'72 Bottecchia. Refurbed. A nice bike! edit: new rear tire has subsequently been installed.

Last edited by Wildwood; 08-18-22 at 12:19 PM.
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Old 08-18-22, 03:01 PM
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Not to get off topic, but also have hanging a Raleigh Super Course to consider. Late 60s-early 70s?
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Old 08-18-22, 03:06 PM
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Crank


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Old 08-18-22, 03:56 PM
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Originally Posted by rwh63 View Post
Not to get off topic, but also have hanging a Raleigh Super Course to consider. Late 60s-early 70s?
...you would both get a broader sampling of advice in the Classics and Vintage forum. But to answer your question, briefly, the first generation Super Course is a pretty good bike to ride around, with straight gauge Reynolds 531 frame, and a fairly long wheel base. This particular bicycle model apparently found its way to America with bottom brackets threaded both Raleigh (26 tpi), and standard. This seems to depend on which factory made your frame. This can present some unique probems, especially if you have not worked much with cottered cranks. Cottered cranks are fine, and work well, but they require some techniques and tools that many people do not possess.

Otherwise, I have done three or so of them myself over the years, as projects. They are descended from the tradition of the British Club bicycle.

I do not know what plastic they used to make those white Carlton brake lever hoods, but they seem to last virtually forever.
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Old 08-18-22, 04:09 PM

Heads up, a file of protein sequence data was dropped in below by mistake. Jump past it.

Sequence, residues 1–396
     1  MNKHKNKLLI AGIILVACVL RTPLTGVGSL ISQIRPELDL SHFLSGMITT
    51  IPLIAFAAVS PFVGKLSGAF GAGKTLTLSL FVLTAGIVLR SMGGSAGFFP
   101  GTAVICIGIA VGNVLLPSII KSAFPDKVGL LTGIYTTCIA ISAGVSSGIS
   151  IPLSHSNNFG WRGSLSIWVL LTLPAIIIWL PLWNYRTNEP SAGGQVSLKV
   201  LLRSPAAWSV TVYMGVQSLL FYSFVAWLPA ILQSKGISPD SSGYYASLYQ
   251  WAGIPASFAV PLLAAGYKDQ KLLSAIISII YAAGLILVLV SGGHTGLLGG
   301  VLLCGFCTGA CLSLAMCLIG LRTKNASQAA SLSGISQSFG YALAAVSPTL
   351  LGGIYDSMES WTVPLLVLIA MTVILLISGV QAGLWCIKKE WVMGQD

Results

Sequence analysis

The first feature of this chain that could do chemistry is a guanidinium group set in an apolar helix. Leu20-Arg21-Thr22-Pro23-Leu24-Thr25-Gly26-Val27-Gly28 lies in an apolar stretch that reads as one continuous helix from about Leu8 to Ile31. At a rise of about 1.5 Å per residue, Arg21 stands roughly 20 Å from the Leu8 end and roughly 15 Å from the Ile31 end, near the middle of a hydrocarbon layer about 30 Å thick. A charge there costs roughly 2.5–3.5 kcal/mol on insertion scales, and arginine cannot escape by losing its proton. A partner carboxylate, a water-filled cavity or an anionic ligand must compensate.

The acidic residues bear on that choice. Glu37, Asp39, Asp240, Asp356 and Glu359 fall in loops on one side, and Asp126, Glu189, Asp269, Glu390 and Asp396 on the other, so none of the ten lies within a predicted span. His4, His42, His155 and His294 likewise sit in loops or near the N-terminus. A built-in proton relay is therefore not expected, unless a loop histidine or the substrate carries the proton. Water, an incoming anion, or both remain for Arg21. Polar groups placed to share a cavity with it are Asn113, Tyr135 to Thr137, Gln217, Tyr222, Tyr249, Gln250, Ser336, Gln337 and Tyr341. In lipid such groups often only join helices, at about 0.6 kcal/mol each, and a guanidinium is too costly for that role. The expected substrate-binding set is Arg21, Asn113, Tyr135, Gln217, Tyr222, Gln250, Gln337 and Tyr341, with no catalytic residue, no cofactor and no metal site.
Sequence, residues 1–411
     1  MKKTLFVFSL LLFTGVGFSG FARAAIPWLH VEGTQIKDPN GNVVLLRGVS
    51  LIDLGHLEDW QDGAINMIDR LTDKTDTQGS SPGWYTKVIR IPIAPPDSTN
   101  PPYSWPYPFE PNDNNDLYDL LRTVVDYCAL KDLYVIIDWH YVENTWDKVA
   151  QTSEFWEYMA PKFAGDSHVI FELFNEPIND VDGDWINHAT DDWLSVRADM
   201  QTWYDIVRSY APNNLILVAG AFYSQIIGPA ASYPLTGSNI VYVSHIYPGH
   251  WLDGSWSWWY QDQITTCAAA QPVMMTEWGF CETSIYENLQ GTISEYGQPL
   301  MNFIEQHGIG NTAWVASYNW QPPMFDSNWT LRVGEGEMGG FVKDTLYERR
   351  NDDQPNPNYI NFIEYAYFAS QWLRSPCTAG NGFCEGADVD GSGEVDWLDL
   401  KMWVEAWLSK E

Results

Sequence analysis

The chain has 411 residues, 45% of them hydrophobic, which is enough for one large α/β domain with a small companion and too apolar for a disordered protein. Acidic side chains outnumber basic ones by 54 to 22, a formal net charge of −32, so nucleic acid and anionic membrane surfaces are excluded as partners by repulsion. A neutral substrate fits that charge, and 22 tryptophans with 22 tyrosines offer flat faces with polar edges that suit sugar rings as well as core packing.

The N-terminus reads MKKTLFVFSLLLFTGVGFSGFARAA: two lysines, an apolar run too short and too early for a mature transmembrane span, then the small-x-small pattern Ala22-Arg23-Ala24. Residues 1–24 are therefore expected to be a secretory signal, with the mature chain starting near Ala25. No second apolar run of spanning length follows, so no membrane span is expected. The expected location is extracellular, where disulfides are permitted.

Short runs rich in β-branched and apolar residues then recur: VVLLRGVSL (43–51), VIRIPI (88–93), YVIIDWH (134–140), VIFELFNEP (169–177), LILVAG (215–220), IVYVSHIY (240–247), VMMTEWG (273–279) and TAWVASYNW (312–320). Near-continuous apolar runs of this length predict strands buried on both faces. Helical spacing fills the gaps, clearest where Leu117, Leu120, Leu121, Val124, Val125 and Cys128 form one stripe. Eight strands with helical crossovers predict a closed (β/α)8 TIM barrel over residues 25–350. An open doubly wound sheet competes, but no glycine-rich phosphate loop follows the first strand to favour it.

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SuperCourse has a following as well. Lots of fans on C&V.
Mine was '72 (I think - maybe '73).
Straight gauge 531, good for larger riders.


Chrome socks, accepts wider tires, what's not to like?
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Old 08-18-22, 08:41 PM
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Not high end and not worth a ton of money but could be a fun project and the purple paint is cool and it is Columbus tubing so not just generic crap. I wouldn't put a ton towards it but would get it running or if I had some parts in the bin I might make something cool.
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Old 08-18-22, 10:47 PM
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I'd refurbish (and flip) if the frameset hasn't any significant damage and I could easily find some Japanese replacements for the Triomphe crank, GS calipers, and those awful pedals/saddle ... or just part out. I'd either sell the crank and calipers separately or use on more worthwhile projects. Whenever I see a bike like this, the first thing I wonder is the originality of the fork.

I've had a couple Triomphe cranksets, and one was very similar to this with the grey finish. I could not deanodize it through the normal (lye) methods. It was very difficult to polish ... but worth it.
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Old 08-18-22, 11:46 PM
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Originally Posted by SurferRosa View Post
I'd refurbish (and flip) if the frameset hasn't any significant damage and I could easily find some Japanese replacements for the Triomphe crank, GS calipers, and those awful pedals/saddle ... or just part out. I'd either sell the crank and calipers separately or use on more worthwhile projects. Whenever I see a bike like this, the first thing I wonder is the originality of the fork.

.
...Bottecchia was using unpainted chrome forks extensively during this period of time. I've had three, and they all had full chrome forks.
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Old 08-19-22, 11:44 AM
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nice bike

given the Campagnolo crankset and brakes - which is either Victory or Triomphe - it probably was originally all Campagnolo --- one of the former owners must have replaced to get better indexing